Meera's parallel professional passion is dance, having trained in the South Indian classical art of Bharathanatyam, received a minor in lyrical dance and performance art from the George Washington University, and choreographed for companies and productions around the world.  She is currently a Choreographer and Creative Advisor for Boston Bollywood. 

Boston Bollywood   When I came to Boston, work took over my life. I stopped dancing and it just killed a part of me inside. I remember scrolling on Facebook and seeing an ad for the Boston Bollywood choreographer auditions. I just signed up without even thinking. Now we are beginning our third season and I've found my creative resistance in this incredible community. It essentially brought me back to life.

When I came to Boston, work took over my life. I stopped dancing and it just killed a part of me inside. I remember scrolling on Facebook and seeing an ad for the Boston Bollywood choreographer auditions. I just signed up without even thinking. Now we are beginning our third season and I've found my creative resistance in this incredible community. It essentially brought me back to life.

Meera Article

I am tired of feeling glad to be at the table, glad to be invited. After witnessing so many of the Vagina Monologue shows, I realized that these were not a collection of stories by the women represented, but written and directed by one woman about everybody else. I didn't want to be quiet about it anymore - write it off as one of the reasons I don't feel represented in "American feminism." In the present political climate, we are more divided than ever by our identities. People want to tell their own stories in their own words; we are not all experiencing harm in the same way. If we don’t acknowledge that, we will never create a space that feels welcoming for all people to listen and amplify someone else's experience - even if it challenges who they are on every level. I had the opportunity at Harvard to share my article with students who felt similarly about the lack of authentic spaces, and together we created the "Our Voices - Who Speaks for Us?" performance art show, now in its second year.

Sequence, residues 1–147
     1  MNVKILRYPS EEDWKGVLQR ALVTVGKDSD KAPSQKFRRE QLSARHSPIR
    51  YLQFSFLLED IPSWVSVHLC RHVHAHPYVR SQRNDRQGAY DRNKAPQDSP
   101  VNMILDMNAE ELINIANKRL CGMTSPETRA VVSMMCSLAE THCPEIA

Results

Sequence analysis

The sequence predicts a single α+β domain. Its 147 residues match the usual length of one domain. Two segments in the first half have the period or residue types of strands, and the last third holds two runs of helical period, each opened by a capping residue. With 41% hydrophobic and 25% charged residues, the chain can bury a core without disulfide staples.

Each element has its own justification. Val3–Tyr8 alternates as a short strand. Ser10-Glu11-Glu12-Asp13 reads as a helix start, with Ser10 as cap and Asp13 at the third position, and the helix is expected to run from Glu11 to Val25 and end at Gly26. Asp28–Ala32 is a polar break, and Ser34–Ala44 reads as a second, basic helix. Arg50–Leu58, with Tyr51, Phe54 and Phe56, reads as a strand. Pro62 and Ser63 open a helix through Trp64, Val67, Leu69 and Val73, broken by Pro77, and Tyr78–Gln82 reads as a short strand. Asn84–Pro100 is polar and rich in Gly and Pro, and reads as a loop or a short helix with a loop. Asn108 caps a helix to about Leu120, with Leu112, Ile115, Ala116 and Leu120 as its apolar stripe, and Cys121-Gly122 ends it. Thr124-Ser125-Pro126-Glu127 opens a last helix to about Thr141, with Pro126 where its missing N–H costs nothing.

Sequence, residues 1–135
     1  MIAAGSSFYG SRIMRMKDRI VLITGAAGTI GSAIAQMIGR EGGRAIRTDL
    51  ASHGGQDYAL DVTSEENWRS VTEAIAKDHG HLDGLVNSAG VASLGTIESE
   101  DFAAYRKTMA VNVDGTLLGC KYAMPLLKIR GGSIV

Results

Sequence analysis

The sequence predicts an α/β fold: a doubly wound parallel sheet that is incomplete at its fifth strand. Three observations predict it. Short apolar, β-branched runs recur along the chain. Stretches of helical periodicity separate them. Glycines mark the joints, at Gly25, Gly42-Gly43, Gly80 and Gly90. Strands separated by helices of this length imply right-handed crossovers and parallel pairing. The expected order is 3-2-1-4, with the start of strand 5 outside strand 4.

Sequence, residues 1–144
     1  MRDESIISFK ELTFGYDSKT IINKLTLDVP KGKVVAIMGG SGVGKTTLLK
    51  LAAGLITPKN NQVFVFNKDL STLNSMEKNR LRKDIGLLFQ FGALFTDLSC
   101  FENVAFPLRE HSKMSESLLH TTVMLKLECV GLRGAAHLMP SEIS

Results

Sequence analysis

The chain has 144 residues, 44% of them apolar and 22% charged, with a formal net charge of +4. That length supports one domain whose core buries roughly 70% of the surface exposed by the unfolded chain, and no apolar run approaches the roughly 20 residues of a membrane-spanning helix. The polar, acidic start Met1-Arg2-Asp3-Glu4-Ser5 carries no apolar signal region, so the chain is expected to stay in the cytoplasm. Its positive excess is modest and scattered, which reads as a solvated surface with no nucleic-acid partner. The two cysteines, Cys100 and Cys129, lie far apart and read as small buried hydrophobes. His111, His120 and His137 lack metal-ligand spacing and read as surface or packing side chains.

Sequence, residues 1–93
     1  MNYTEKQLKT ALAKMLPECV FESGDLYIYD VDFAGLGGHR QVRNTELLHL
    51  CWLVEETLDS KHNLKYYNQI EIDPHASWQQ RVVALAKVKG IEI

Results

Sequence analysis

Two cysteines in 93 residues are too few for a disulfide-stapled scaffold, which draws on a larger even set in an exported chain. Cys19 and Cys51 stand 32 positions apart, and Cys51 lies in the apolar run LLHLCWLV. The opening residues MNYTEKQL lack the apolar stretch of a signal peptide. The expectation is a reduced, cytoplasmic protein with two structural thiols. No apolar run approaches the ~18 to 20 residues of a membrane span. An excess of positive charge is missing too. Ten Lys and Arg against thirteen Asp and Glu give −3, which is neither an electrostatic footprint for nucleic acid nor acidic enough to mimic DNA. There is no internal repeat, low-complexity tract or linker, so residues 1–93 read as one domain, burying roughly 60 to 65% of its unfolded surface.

Meera Astrology

I follow a radical feminist astrologer named Chani Nicholas whose readings are informed by activists, thought leaders, people of color, LGBTQIA folk, and communities living at the margins. After the election, she wrote beautiful horoscopes for every sign based on the strengths we each hold to resist hate and discrimination and activate and inspire change.